You had an active litigation practice at Reed Smith, but you left there at the end of 2019 and opened your own office, the Law Office of Kevin Abbott, in 2020. How are things going and what sort of work are you doing? Things are going great. I miss my friends at Reed Smith but I always wanted to go out on my own and I figured I was running out of time! I enjoy working less hours and having some control over my schedule – it gives me time to golf and to hang out with my grandchildren Sam and Cece. Besides teaching at Pitt, I still do some litigation and I enjoy serving as an arbitrator. I am also serving as an expert witness (as a trial lawyer, I worked with many excellent experts but it is a different experience on the other side of that equation.) I also got to use my media expertise by helping an author by reviewing his manuscript for potential issues.
You and your wife Mari enjoy travel. Do you have a favorite place to visit? Our favorite place is Hilton Head Island in South Carolina – we go there several times a year and have so many good memories of trips there with family and friends. We don’t know exactly when restrictions on and advisories against travel will end, but presumably that is going to happen sometime. Do you have any post-COVID trips planned? A major part of our plan when I left Reed Smith was that I would spend a big part of 2020 traveling. Well, plans changed! We had a big trip to Ireland, Scotland and Italy planned for 2020 which we moved to 2021 and now hope to make in 2022. Those are the three countries that most of my ancestors are from so I look forward to eventually making that trip.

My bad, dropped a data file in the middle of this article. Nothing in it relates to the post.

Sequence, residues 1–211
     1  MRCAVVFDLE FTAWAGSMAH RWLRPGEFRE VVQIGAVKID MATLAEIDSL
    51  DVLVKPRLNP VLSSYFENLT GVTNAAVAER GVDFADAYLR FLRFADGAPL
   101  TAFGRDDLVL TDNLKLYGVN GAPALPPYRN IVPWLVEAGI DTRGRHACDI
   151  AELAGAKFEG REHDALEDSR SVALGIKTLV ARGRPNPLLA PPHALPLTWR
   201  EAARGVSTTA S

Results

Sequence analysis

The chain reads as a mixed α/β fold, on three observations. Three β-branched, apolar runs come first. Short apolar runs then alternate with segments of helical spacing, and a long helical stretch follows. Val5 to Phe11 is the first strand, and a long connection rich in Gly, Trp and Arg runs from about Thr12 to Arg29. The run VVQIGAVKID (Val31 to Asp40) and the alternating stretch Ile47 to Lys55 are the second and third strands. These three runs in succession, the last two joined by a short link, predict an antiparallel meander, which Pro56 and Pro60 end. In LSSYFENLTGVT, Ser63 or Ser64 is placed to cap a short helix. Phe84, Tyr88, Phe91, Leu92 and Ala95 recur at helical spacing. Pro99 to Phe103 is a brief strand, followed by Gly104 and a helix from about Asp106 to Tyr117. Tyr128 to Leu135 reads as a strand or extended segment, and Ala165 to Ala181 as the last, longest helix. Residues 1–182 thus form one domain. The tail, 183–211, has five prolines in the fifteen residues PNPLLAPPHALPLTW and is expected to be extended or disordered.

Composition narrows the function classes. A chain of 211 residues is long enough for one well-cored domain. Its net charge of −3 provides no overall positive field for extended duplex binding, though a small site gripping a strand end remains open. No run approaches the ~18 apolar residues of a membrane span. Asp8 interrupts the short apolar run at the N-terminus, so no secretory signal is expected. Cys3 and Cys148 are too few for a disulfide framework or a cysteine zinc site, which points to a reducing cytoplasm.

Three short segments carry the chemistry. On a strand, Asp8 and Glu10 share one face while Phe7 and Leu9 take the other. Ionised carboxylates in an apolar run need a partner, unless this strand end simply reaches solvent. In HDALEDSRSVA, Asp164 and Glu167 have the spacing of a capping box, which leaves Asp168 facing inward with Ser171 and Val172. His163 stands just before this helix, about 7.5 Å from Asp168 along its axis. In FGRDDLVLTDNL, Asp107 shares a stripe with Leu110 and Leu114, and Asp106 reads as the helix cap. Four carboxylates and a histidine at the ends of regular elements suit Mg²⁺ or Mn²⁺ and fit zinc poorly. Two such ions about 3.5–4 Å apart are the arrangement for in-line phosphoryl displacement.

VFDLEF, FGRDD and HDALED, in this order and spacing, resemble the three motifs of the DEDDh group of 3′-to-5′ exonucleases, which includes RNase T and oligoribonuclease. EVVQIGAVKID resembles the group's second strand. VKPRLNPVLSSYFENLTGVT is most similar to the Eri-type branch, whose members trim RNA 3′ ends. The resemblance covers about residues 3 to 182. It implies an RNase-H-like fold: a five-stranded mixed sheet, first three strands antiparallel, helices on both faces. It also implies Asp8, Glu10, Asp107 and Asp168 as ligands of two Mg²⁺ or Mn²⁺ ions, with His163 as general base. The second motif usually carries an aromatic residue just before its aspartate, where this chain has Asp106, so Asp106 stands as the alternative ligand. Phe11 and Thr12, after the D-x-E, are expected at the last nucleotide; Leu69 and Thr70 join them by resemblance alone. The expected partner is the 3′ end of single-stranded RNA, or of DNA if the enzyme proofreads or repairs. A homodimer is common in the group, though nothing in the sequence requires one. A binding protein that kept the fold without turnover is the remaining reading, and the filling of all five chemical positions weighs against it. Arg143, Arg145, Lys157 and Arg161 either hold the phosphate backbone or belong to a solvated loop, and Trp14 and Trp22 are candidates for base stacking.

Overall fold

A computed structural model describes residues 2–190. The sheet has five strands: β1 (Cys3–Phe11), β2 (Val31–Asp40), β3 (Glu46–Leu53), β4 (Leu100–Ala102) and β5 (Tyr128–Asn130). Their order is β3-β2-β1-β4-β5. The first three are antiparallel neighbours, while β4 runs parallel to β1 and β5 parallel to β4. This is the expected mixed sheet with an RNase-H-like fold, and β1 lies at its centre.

You have been practicing law for a few decades now and have had success. Is there any advice you would give to new lawyers and law students who are about to become lawyers?
1. Enjoy your work, your colleagues and even your adversaries. There is no reason that litigation has to be a life and death struggle. I represented clients with zeal but I always got along with opposing counsel (and even got some referrals from them.) Give extensions of time, extend courtesies and be straight with clients, judges and opposing counsel – your reputation will benefit and your work day will be more pleasant.
2. Find mentors. You can learn so much from people who have already learned some hard lessons. Watch lawyers who you admire and borrow from them what works for you.
3. You have to swing the bat if you want to get a hit (I can see my daughters and associates rolling the eyes!) No one succeeds all the time (any trial lawyers who say they always win have a very elastic definition of winning) but if you never try, you will never win.
More about Kevin here.